mon 23/09/2019

A Midsummer Night's Dream, BBC One | reviews, news & interviews

A Midsummer Night's Dream, BBC One

A Midsummer Night's Dream, BBC One

Russell T Davies's revisionist Shakespeare delivers on its own, often puckish terms

Theseus's reign of terror: John Hannah in 'A Midsummer Night's Dream'BBC/Des Willie

Theseus was a tablet-carrying dictator, Lysander a sweet-faced asthmatic, and Peter Quince rechristened Mistress Quince in the agreeably unexpected presence of Elaine Paige: those were among the innovations of Russell T Davies's larky reworking of what must these days be Shakespeare's most frequently performed play. (A third London production in as many weeks starts performances May 31 at Southwark Playhouse.)

On paper, such textual intervention sounds like so much jiggery-pokery, and I could have done without the action-movie theatrics that at one point saw an imperiled Hermia (Prisca Bakare, pictured centre below) being rescued from rapids that might have given Meryl Streep pause in The River Wild

But on its own terms, Davies's extensively filleted, occasionally re-ordered version of A Midsummer Night's Dream more than delivered the goods, its capacious heart of a piece with the director Emma Rice's current (and delightful) Globe take on the same play. That one, too, features not a few same-sex encounters along the way. Party on, as both versions clearly intend to say.

A Midsummer Night's Dream, BBC OneThe fact remains that the Dream among all Shakespeare's comedies possesses a resilient energy that can accommodate pretty well any and all comers, especially when those interpreters are as attuned to the text's giddy sense of relief and release as is the case here. After all, if the world of the court weren't so fearsome, there would be scant reason for the lovers to beat a hasty woodlands retreat in favour of the "widow aunt" referenced early on by Lysander – a character who remains one of the abiding red herrings in all of Shakespeare, given that we never hear mention of her again.

From a beginning that saw John Hannah's thin-lipped, scowling Theseus in fierce possession of Eleanor Matsuura's bound-and-gagged (!) Hippolyta, one felt anew the need for a third option to the choice between arranged marriage and death proffered by Hermia's father, Egeus. At which point, cue the four lovers' entry into the woods – hello Stephen Sondheim, even if Murray Gold's score here suggested faux-John Williams – and toward the realm of Nonso Anozie's horned Oberon and his omnisexual glamazon queen, Titania (Maxine Peake).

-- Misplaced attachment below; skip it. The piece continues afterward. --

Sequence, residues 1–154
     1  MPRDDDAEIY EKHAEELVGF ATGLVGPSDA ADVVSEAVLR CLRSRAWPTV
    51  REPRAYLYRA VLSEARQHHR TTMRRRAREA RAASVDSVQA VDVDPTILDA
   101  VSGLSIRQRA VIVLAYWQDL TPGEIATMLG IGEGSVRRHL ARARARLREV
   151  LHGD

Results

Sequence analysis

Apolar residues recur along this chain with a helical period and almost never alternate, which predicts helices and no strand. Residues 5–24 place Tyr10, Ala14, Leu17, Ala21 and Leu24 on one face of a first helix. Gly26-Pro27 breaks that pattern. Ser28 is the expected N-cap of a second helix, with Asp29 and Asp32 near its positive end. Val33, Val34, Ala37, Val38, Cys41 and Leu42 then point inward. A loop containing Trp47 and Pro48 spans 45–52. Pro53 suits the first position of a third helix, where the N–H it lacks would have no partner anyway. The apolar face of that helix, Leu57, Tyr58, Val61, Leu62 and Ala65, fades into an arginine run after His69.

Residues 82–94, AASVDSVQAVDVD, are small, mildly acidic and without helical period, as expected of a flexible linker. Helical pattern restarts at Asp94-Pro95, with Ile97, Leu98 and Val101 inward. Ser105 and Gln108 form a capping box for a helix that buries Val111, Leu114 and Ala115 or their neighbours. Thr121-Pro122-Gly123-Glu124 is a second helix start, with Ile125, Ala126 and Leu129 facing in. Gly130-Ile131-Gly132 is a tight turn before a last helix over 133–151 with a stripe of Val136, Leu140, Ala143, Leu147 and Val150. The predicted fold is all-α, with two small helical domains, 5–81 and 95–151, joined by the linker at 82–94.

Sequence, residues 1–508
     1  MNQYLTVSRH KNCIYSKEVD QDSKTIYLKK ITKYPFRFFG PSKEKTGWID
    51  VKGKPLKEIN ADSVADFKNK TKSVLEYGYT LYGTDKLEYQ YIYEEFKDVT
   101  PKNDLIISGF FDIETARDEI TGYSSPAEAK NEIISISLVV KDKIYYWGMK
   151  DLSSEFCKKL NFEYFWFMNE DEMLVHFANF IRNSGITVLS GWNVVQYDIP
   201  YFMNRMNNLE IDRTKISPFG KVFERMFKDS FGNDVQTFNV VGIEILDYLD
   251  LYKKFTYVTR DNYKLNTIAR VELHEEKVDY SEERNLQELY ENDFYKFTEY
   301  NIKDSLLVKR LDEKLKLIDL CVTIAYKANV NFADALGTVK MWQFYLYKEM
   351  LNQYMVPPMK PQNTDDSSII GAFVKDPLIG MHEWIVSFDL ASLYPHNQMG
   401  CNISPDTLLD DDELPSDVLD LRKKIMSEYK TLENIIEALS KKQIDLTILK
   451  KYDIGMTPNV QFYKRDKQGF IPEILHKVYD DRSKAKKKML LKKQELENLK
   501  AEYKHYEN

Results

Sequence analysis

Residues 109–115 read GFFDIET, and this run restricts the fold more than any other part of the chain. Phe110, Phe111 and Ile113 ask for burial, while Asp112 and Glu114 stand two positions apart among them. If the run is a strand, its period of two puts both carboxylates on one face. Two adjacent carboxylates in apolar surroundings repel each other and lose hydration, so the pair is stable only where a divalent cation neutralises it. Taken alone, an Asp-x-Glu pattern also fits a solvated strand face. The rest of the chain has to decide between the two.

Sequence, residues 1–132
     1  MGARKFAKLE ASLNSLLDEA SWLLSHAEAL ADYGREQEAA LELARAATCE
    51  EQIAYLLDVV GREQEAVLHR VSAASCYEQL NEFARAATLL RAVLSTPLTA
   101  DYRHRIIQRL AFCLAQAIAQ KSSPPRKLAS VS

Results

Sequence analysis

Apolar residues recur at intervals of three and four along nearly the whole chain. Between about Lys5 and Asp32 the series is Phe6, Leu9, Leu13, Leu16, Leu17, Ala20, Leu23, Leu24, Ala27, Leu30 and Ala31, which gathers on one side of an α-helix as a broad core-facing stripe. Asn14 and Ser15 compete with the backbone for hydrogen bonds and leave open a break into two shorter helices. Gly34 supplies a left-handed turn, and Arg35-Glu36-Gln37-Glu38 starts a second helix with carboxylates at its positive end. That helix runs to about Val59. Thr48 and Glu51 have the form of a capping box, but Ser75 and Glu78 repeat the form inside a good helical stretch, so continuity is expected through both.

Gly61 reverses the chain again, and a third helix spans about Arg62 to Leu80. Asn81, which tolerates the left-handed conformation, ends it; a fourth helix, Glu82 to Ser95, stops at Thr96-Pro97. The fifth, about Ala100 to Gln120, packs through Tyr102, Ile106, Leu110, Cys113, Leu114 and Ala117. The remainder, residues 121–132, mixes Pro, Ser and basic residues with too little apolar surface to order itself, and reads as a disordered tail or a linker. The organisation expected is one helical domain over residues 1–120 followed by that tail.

As for Hiran Abeysekera's Puck – a good-time sprite if ever there was one – this celebrated sidekick-scamp brought with him vestiges of this actor's 2015 run in Peter Pan via the unbilled Tinkerbell offered up by director David Kerr, whose penchant for light beams and multiple effects allowed the denizens of the supernatural to appear and vanish at will. 

A Midsummer Night's Dream, BBC OneMore traditionally served were the mechanicals, headed this time out by an endearingly exasperated Paige (pictured right) in a notable change of pace for the musical theatre diva. Whether forcibly correcting the mispronunciation of Ninus's tomb or cheering on her am-dram charges like some sort of displaced Momma Rose, Paige at Quince's most wide-eyed displayed an uncanny resemblance to Hillary Clinton: separated-at-birth completists should take note. Props, too, to Matt Lucas's Bottom, a smooth-cheeked chatterbox of unusual sweetness; indeed, it made sense for Peake's dusky-voiced Titania to give a final, fleeting nod in the direction of her onetime bedmate (and ass), as if to suggest that some carnal memories never die.

The greatest departure from the text came with a finish that contrasted the mechanicals' staged deaths of Pyramus and Thisbe (all credit among their starry ranks to the deadpan contributions from Richard Wilson and Bernard Cribbins) with a highly convenient heart attack that felled Hannah's arms-happy Theseus in his despotic prime – a tyrant elsewhere seen putting an X through the faces of those marked for elimination on his iPad. 

Theseus's absence allowed the play's disparate communities to come together in an inclusive spirit of rebellion-turned-revelry that fed this adaptation's vaunted and entirely plausible closing lesbian kiss. And to those viewers who may have been offended, Shakespeare as ever had the last word via Abeysekera's glinting-eyed Puck: "If you pardon, we will mend". And if not, fret not – there's bound to be another Midsummer Night's Dream any minute. 

More traditionally served were the mechanicals, headed this time out by an endearingly exasperated Elaine Paige

rating

Editor Rating: 
4
Average: 4 (1 vote)

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Comments

No, it simply didn't work - a production far too much in love with its own visual style, which was allowed to smother Shakespeare's text instead of illuminating it.

Had to give up after the first Oberon-Titania confrontation. Mostly bad, mumbly verse-speaking - Peake and Hannah excepted, and maybe Lucas would have got funnier - against incessant musical paste which went against the grain of the imagery. If the money spent on CGI had gone towards voice-coaching, it might have been better.

Exactly the same point at which I gave up, became tediously similar to Harry Potter or Doctor Who, the text was incidental to the CGI, aimed at kids - would've been better scheduled in an earlier slot

This was Shakespeare for people who watch too much television; half an hour of it was enough for me.

It was a jolly romp, and quite mesmerising at times, especially the finale. The important poetry came through and though bits were missing from the original, it made for a bright entertaining evening.

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